The Yellow Wall-Paper by Charlotte Perkins Gilman

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This is an important stage in the narrator’s mental deterioration: she is moving from what a clinician would term ‘non-psychotic hallucination’ or ‘pseudohallucination’ to a fully psychotic presentation of symptoms. The reader will also recognise – at least on a second reading – that the ‘woman stooping down and creeping about’ is actually a projection of the narrator herself, who is either already engaging in her ‘creeping’ or ‘crawling’ ritual, or soon will be. The reader’s realisation that the ‘creeping woman’ is, in some way, the narrator herself invokes the suitably gothic notion of a doppelgänger. In the above quotation, the narrator states ‘I wish John would take me away from here!’ – and only nine lines further on she writes, ‘The faint figure behind seemed to shake the pattern, just as if she wanted to get out’ (273-4), establishing a clear connection between the narrator and this ‘woman’. As well, however, as being a mysterious double, the doppelgänger also acts in a way that foreshadows its subject’s future actions. A famous example relates to P.B. Shelley, whose doppelgänger was allegedly seen both by the poet himself and by another shortly before his death. It is possible that Gilman intended her reference to the narrator’s doppelgänger to be similarly ominous. Given her remarkable insights into ‘incipient madness’, it is easy to forget that Gilman is writing a gothic short story, and the idea of the ‘creeping woman’ as a kind of vampiric doppelgänger, gradually feeding off the sanity of her victim until she is ‘freed’ from incarceration behind the pattern of the wallpaper makes for a fine tale of horror and suspense, and this approach unquestionably provides a valid alternative reading of the story.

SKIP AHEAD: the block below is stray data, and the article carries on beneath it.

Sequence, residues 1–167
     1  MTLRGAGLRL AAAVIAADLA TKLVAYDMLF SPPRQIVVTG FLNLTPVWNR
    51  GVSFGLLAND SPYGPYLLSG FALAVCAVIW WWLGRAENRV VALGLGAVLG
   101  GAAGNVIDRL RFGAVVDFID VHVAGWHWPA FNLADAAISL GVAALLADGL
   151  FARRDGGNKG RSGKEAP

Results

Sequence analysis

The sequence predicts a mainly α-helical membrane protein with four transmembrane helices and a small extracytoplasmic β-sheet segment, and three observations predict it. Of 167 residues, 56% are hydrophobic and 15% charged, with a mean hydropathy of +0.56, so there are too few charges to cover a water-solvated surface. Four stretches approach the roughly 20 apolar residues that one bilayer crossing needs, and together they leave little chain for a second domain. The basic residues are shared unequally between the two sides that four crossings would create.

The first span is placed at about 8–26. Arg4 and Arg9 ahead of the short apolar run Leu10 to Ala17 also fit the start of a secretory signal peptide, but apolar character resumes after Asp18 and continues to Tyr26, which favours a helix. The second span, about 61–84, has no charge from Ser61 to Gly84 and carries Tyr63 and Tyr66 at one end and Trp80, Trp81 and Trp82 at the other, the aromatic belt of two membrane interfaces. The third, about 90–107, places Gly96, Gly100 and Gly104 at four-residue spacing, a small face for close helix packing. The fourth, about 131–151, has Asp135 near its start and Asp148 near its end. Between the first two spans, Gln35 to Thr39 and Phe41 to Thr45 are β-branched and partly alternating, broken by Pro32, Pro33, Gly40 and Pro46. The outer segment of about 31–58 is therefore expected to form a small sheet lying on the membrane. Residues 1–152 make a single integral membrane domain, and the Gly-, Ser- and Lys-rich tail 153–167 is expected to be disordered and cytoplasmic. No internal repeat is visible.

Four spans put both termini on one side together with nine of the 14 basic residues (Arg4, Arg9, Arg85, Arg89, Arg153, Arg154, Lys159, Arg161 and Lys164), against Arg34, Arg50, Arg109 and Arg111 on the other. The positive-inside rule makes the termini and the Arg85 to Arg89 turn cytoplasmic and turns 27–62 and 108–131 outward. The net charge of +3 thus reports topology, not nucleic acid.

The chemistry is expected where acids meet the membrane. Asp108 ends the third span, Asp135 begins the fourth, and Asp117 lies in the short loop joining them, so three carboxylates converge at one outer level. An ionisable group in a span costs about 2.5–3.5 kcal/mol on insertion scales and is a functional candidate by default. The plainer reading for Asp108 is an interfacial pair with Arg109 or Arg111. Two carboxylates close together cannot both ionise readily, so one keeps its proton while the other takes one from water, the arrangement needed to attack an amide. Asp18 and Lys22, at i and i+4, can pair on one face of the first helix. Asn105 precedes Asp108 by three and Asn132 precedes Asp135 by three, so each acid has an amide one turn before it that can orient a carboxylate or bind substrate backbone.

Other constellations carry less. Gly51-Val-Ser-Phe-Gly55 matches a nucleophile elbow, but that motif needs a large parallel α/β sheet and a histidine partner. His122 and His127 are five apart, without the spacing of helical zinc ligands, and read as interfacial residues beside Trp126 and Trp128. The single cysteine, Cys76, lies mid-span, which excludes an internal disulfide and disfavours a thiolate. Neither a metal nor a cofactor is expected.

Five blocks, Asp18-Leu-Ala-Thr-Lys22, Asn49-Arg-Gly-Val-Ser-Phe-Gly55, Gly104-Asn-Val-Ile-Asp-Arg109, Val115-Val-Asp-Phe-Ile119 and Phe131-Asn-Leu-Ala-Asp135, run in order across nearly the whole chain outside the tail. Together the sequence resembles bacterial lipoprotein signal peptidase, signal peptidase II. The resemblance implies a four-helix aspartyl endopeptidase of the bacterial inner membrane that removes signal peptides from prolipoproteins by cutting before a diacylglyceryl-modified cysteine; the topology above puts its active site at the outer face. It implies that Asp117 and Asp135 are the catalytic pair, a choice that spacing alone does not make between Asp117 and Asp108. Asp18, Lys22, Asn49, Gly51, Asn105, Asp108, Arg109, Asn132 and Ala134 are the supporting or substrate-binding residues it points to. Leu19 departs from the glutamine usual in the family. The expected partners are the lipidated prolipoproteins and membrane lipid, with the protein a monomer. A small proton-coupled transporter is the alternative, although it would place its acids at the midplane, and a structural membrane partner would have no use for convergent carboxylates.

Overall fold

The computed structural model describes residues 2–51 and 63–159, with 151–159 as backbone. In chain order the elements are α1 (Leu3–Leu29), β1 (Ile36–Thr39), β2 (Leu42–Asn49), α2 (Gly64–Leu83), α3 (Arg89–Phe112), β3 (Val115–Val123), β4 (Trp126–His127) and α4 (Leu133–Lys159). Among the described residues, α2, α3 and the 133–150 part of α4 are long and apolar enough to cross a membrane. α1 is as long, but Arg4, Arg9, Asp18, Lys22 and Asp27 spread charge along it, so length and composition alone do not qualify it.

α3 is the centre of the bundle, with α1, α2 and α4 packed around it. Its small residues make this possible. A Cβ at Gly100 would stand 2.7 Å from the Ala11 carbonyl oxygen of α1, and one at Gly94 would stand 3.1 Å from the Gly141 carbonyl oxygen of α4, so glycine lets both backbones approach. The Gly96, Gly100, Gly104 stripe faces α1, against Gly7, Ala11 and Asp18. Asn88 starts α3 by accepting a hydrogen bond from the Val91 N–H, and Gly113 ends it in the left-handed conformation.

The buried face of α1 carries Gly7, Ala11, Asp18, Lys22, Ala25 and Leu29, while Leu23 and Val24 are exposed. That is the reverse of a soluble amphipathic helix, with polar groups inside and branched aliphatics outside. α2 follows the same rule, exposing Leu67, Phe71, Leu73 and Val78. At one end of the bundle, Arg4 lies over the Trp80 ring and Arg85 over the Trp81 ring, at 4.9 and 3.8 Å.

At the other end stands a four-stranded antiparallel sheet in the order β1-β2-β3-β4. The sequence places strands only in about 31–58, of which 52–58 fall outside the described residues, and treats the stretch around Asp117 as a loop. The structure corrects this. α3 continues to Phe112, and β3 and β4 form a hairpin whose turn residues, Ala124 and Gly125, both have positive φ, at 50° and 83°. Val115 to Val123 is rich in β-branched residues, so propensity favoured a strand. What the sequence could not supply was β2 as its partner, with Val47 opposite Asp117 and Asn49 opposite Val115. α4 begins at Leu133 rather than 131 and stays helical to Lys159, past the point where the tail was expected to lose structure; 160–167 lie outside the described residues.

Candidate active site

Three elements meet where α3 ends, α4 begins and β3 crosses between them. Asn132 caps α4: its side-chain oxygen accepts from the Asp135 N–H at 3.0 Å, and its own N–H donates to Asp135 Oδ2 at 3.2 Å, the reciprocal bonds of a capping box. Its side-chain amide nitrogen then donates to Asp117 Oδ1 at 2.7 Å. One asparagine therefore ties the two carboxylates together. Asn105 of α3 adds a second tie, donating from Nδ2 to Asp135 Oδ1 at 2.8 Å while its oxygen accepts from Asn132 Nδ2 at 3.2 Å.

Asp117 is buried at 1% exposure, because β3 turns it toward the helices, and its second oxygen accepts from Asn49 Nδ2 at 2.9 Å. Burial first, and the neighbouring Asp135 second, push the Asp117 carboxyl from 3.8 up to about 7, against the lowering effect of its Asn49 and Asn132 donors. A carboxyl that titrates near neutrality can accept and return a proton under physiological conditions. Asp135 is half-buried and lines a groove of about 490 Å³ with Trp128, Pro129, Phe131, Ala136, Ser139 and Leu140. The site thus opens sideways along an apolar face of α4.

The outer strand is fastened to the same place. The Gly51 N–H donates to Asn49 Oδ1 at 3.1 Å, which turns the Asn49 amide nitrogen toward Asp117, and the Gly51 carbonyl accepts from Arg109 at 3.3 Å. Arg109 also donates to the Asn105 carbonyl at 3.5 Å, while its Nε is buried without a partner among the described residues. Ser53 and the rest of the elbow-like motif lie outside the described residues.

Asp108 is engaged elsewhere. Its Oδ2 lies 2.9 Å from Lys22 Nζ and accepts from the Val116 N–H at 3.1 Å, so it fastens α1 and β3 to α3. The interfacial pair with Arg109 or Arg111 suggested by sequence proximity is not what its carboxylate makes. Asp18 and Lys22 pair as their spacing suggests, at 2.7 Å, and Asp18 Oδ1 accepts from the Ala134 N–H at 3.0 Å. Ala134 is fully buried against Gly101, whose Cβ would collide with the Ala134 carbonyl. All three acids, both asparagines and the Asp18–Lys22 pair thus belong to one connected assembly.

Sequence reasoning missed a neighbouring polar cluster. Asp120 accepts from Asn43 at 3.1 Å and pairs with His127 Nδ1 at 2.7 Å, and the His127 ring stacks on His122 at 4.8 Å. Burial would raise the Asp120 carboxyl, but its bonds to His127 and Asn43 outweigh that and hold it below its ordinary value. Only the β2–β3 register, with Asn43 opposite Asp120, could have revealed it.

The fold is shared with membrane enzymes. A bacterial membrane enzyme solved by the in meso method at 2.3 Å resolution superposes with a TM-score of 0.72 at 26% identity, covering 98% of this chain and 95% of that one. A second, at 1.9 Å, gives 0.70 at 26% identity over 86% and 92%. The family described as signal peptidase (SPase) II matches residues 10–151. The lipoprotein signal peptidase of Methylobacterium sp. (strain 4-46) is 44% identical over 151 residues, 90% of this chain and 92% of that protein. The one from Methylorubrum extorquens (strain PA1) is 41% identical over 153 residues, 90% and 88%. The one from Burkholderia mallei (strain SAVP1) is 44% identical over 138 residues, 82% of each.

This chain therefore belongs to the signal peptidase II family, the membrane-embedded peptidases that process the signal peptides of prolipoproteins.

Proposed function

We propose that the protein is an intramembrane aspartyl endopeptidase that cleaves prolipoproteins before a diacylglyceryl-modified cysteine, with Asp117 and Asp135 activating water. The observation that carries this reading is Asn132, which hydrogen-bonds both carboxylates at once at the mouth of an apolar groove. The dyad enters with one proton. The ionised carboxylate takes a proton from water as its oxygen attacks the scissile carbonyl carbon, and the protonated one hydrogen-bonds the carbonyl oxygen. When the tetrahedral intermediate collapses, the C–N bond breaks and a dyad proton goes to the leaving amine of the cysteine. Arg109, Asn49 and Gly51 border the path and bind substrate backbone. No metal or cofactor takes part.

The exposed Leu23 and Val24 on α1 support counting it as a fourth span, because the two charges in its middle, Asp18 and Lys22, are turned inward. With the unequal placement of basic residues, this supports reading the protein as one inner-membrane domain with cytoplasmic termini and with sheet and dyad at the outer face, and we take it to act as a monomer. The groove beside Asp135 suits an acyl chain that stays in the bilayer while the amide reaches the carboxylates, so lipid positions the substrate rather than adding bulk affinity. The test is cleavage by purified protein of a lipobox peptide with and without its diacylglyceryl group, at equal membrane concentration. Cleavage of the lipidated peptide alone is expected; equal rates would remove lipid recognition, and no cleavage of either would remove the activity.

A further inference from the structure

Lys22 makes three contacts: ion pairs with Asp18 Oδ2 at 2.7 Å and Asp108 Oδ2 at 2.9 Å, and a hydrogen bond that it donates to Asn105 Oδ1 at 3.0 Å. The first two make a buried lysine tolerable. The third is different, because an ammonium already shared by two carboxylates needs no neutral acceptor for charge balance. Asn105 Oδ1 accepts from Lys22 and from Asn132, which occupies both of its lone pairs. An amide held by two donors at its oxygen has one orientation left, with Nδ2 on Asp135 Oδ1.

With these key passages of description – and there are several further examples considered in more detail in the notes below – Gilman establishes the wallpaper as a mirror through which the reader can glimpse – and sometimes see quite clearly – the distortions in her narrator’s mind. By the end of the story, it has become a phantasmagoria as fine as anything in Edgar Allan Poe:

It sticks horribly and the pattern just enjoys it! All those strangled heads and bulbous eyes and waddling fungus growths just shriek with derision! (496-8)

As is is finally ripped off and destroyed, it is as if the narrator finally gives up forever the mind that she has already ‘lost’ through her long obsession with the wallpaper; her own sense of herself is first supplanted and then silenced – and with that her tale tragically ends.

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Charlotte Perkins Gilman
the Unkindness of Ravens If you have found our critical notes helpful, why not try the first Tower Notes novel, a historical fantasy set in the time of the Anglo-Saxon invasions.

Available HERE where you can read the opening chapters.

The Unkindness of Ravens by Anthony Paul